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Nokia and Eurofiber hatch a plan to accelerate fibre roll out in Europe

Fibre Network Broadband Fast

Finnish kit vendor Nokia and pan-European fibreco Eurofiber Group have signed an agreement to accelerate fibre roll outs in Belgium, France, Germany and the Netherlands with optical transport and datacenter switching.

The firms say they have signed something called a frame agreement which includes the multi country DWDM roll out, datacenter switching and other elements all of which is in the service of increasing Eurofiber’s footprint. The agreement covers all Eurofiber affiliates.

Eurofiber and Nokia will have you know they have been getting stuck in already with the expansion. Within Eurofiber France, the first optical networks are currently under deployment in the south and north of the country, and Nokia is also deploying a DWDM city network in Germany for the Berlin based joint venture Vattenfall-Eurofiber. Over in Belgium, both companies agreed to renew the nationwide DWDM network.

These networks will bolster the existing 60,000 km of Eurofiber fiber infrastructure.

“Nokia is proud to add Eurofiber as a customer,” said Jan van Tetering, Senior Vice President Europe at Nokia. “We are determined to serve Eurofiber Group and its affiliates with our strong portfolio and presence in the four countries where they operate and help them expand their Open Networks’ footprint. This frame agreement is a solid foundation for our joint growth business ambition in Europe, sharing the same values to operate in an ethical, sustainable and secure way.”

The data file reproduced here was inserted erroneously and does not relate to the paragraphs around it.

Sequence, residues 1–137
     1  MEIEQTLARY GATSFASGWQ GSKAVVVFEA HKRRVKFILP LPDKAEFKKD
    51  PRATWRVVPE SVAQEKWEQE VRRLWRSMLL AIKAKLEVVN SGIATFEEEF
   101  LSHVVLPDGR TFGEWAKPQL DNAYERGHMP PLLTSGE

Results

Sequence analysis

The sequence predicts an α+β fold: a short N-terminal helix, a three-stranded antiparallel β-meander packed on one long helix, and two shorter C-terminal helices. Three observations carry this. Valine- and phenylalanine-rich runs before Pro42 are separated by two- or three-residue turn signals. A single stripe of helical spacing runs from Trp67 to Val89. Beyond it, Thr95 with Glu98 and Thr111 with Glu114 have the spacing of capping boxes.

Eric Kuisch, COO Eurofiber Group, said: “Eurofiber has an ambitious growth agenda in Western Europe. A fully integrated high capacity DWDM network, and future-proof, highly secure datacenter equipment are main technological enablers to realize these ambitions. We are looking forward to partner with Nokia in providing our customers with the highest quality available.”

There seems to be no shortage of investment money available for large scale fibre deployments all around the world, and since many see this generation of broadband as the final word in non-mobile connectivity, you can see why it would represent a solid, long term investment choice for VCs and other such firms.

The FTTH Council Europe put out a report on the European fibre market earlier in the year, in which it said the total number of homes passed with fibre to the home (FTTH) and fibre to the building (FTTB) in the EU39 reached nearly 198.4 million in September 2021, compared to 176.3 million in September 2020. The main increases in that time frame were in France (+4.3 million), United Kingdom (+3.4 million), Germany (+2.4 million) and Italy (+1.5 million).

 

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